Here we go again. This week news of another shocking nursing home death – this time in The Wexford, a Scarborough long term care residence. A second resident was also injured in the resident-on-resident attack.
Health Minister Deb Matthews predictably told the Toronto Star “if there is anything that can be learned from this incident, you have my commitment that action will be taken.”
In 2003 then Health Minister George Smitherman was moved to tears after a Toronto Star series on resident abuse. His famously vowed a “revolution” in long-term care.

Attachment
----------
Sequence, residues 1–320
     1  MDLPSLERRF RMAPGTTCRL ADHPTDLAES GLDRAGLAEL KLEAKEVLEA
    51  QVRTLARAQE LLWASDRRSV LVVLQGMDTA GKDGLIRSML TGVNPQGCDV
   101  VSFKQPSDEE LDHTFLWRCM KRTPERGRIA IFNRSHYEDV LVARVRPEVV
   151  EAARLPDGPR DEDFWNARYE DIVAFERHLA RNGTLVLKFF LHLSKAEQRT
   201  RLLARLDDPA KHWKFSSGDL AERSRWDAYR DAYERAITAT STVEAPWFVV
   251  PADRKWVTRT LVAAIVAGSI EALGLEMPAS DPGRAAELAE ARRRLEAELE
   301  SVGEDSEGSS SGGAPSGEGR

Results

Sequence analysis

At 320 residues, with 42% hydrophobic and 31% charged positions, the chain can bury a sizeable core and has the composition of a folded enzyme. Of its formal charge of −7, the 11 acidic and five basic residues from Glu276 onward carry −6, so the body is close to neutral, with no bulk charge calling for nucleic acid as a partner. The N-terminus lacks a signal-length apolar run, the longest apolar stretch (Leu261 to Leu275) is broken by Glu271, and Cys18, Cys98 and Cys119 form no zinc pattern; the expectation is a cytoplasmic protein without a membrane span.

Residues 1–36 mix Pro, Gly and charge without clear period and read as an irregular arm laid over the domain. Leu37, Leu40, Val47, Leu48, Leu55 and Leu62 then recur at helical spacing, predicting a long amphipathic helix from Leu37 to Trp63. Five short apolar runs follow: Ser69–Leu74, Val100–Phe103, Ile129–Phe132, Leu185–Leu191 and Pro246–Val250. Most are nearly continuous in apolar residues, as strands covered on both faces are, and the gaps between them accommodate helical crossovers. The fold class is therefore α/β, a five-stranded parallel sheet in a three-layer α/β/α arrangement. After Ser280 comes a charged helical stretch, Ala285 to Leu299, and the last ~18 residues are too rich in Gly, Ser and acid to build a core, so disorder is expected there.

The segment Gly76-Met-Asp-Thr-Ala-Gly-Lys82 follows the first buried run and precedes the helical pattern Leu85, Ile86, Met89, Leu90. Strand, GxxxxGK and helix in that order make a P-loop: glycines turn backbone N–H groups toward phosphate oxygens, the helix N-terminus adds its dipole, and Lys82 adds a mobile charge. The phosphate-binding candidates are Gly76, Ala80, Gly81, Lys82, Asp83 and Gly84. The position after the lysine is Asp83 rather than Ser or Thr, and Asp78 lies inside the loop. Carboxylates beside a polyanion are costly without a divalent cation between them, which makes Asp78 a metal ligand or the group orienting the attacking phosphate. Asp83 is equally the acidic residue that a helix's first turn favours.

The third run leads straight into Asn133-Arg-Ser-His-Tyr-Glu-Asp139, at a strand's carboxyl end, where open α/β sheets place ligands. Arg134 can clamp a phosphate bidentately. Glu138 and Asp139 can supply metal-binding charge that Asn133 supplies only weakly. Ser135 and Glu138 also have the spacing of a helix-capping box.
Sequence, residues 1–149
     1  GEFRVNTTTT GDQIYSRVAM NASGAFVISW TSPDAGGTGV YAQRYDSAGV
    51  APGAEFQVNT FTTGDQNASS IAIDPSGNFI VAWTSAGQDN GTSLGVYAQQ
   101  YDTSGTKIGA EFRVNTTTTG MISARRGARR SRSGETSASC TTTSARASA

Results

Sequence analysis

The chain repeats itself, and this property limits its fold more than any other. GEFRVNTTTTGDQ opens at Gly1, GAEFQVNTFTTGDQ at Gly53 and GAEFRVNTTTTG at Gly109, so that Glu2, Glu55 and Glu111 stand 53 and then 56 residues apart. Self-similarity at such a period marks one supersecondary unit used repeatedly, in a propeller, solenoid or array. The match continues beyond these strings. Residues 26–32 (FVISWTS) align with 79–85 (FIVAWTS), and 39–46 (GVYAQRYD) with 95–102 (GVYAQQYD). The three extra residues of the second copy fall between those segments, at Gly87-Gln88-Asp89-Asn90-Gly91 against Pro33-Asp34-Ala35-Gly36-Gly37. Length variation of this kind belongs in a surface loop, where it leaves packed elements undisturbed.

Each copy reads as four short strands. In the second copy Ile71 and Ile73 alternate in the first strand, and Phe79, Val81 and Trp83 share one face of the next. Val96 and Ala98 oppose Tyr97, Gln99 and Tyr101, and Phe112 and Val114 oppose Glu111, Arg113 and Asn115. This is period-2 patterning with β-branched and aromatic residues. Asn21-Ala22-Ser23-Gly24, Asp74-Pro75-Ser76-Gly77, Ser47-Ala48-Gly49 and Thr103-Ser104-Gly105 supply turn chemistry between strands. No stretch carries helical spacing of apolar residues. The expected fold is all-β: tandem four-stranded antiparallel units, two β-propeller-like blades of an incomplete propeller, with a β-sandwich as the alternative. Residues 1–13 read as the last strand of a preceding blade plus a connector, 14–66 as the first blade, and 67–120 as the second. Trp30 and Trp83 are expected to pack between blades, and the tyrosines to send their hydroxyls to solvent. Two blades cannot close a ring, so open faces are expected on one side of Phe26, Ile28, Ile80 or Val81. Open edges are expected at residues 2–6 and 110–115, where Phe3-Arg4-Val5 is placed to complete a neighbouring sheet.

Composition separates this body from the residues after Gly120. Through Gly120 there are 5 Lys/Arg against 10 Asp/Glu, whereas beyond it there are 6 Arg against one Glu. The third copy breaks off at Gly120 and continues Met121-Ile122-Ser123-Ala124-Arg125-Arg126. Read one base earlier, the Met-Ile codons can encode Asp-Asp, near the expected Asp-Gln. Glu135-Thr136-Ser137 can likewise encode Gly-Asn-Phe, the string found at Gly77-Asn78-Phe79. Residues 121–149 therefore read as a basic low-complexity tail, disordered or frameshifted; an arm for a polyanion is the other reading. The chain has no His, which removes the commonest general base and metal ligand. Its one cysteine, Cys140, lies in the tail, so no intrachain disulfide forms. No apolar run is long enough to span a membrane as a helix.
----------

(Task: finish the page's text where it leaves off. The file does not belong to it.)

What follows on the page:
In 2005 a Coroner’s jury made 85 recommendations after investigating the 2001 deaths of two residents at the hands of another in a different Toronto-area nursing home.
At the time the report was released, the home’s lawyer suggested there was a gap in the system for specialized long-term care units for residents with cognitive impairment (today that describes almost a third of all long-term care residents).
Smitherman declined comment that time.
In 2008 David Caplan was asked about a Canadian Press series that showed three-quarters of Ontario long-term care homes were not in compliance with provincial legislation. Caplan said he was too new to the post to comment and promised nothing.
In 2010 Metroland, which operates community newspapers across Ontario, ran its own series on long-term care. They called it “Situation Critical.”